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Shoushan National Nature Park

Perched against the coastline of the Taiwan Strait, Shoushan National Nature Park (壽山國家自然公園) overlooks both the ocean and the city of Kaohsiung (高雄市) in southern Taiwan. The ten high points of Chaishan Triangulation Points (柴山三角點) are the highest and most prominent mountain in the park with a maximum elevation of 356 m (1,168 ft).

Shoushan National Nature Park, Taiwan

Geography

The main area of Shoushan National Nature Park is a 5.5 km (3.4 mi) long and 2.5 km (1.5 mi) wide stretch of hilly land that is situated in the western district of Gushan (鼓山區) in Kaohsiung City.

The hills of Shoushan National Nature Park are not all connected; thus, some peaks are situated in nearby districts with more urbanised settings. The other districts of Zuoying (左營區), Nanzi (楠梓區), and Cijin (旗津區) are home to some of the outlying peaks in the park.

Overall, Shoushan National Nature Park consists of a total landmass of 485 ha (1,200 acres). Compared to the national parks of northern, central, and eastern Taiwan, the low-lying hills of Shoushan National Nature Park possess a gentler topography.

Some other peaks that are found within Shoushan National Nature Park territory are Shou Shan (壽山), Banpingshan (半屏山), Chaishan Boy Hill (柴山少男峰), and Guishan (龜山).

Shoushan National Nature Park is locally called Monkey Mountain due to the large presence of Formosan rock macaques on its slopes. An extensive network of wooden footpaths weaves across the hilly nature park that features various eroded limestone caves along the western edge of the park.

As its maximum elevation only reaches 356 metres (1,168 ft), Shoushan National Nature Park enjoys a tropical climate, with a warm average annual temperature of 77°F (25°C). In summer, the temperature reaches an average of 84°F (29°C) while it’s usually around 66°F (19°C) in winter.

The rainy season in the park occurs during the summer months when typhoons are most likely to occur. The annual average rainfall of Shoushan National Nature Park is 1,748 mm (69 in).

Shoushan National Nature Park, Taiwan

Areas of interest nearby Shoushan National Nature Park include the Taiwan Strait (台灣海峽) in the west with Tiajiang National Park (臺江國家公園) in the north. Kenting National Park (墾丁國家公園) is located to the south of Shoushan National Nature Park, while Linhousilin Forest Park is situated (林後四林平地森林園區) to the east.

Geology

Around 1.25 million years ago, the hills of Shoushan National Nature Park were once a shallow underwater floor, wholly submerged by the waters of the Taiwan Strait. Corals, algae, shells, and foraminifera developed, forming hard limestone, which now comprises the core body of Shoushan National Nature Park.

Over the millennia, silt deposits accumulated on the seabed, which halted the formation of coral. A layer of sandstone and mudstone covered the limestone surface. At the same time, the shallow sea bed gradually rose above sea level, exposing the hills of what is now Shoushan National Nature Park.

Thus, the hills of Shoushan National Nature Park are now composed of coral reef limestones and younger sandstones, both of which have endured centuries of weathering and erosion.

The subsequent weathering and erosion of the limestone broke down the weakened rock. Thus, the formation of canyons, cliffs, and caves featuring stalactites and stalagmites that now dominate the region materialised from the calcium carbonate enriched mineral water that dripped from the limestone.

Landscape View Of Siziwan Coastline, Shoushan National Nature Park, Taiwan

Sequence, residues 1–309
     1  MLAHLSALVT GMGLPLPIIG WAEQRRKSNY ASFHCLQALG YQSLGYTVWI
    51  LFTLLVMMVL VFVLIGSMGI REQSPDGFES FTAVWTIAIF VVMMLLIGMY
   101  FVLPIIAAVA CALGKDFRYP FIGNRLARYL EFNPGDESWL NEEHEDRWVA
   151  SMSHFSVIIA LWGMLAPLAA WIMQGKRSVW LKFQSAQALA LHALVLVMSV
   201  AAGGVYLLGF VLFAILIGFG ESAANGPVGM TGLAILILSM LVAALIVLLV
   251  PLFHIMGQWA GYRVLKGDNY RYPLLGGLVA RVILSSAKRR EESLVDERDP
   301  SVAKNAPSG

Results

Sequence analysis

Ecology

The ecology of Shoushan National Nature Park is both unique and diverse. The plant in the park includes 917 different species, which mainly consists of ferns, broad-leaved plants, deciduous trees, and perennial flowers.

Additionally, there are 600 species of native plants, such as the paper mulberry tree, Taiwan peony wild vine, Hengchun thick shell tree (Ehretia resinosa) and the stinging shrub Dendrocnide meyeniana.

The most extraordinary plant life of Shoushan National Nature Park is the banyan tree. The tree creates an interconnected network of elongated branches, spreading and linking their protracted aerial roots that suspend from great heights.

Formosan Macaque (Formosan Rock-Monkey) , Shoushan National Nature Park, Taiwan

Formosan Macaque (Formosan Rock-Monkey)

In terms of wildlife, 16 mammals inhabit the hilly landscape, such as Formosan rock macaque, Palla's squirrel, and the masked palm civet. Taiwan hwamei, crested goshawk, and the black-naped monarch are 3 of the 137 species of birds found in the park.

Additionally, 22 kinds of reptiles can be found in and around the coastal plains of Shoushan National Nature Park, such as the mangrove skink, the long-tailed sun skink, and the Hokou gecko. Two species of crustaceans inhabit the park's sandy shores, while five species of amphibians trace the water's edge.

Human History

Some 4,000 to 5,00 years ago, the Makatao tribe lived in the low-lying hills of what is now Shoushan National Nature Park in the northwest region of Taozaiyuan. This community is the oldest known cultural site of Kaohsiung City. Ancient relics such as shards of pottery, stone tools, and urn coffin tombs were excavated from the Taozaiyuan cultural site.

Cityscape of Shoushan Park, Kaohsiung, Shoushan National Nature Park, Taiwan

Cityscape of Shoushan Park, Kaohsiung

Another cultural site is located in northern Shou Shan. This site is known as the Neiwei Xiaoxi shell mound site. According to excavation findings, the ancient artefacts of shell mounds, animal bones, and pottery found at the site likely belonged to the Pingpu people who lived in the area for 400 to 2,000 years.

Although the Makatao and Pingpu tribes are not officially recognised as official tribes in Taiwan, the Makatao tribe does possess local recognition in southern Taiwan, where the tribe initially settled. The Pingpu tribe is still awaiting any form of acknowledgement from national and local authorities.

The trails of Shoushan National Nature Park also feature bunkers that overlook the sea. These were used by the Japanese during the Japanese Occupation Era to guard the city of Kaohsiung against coastal invasion.

The Kaohsiung Martyrs' Shrine, Shoushan National Nature Park, Taiwan

The Kaohsiung Martyrs' Shrine

On 11 December 2006, Shoushan National Nature Park was established. It was the first national park to receive official status from the efforts of civilian conservation groups, thus making history in Taiwan.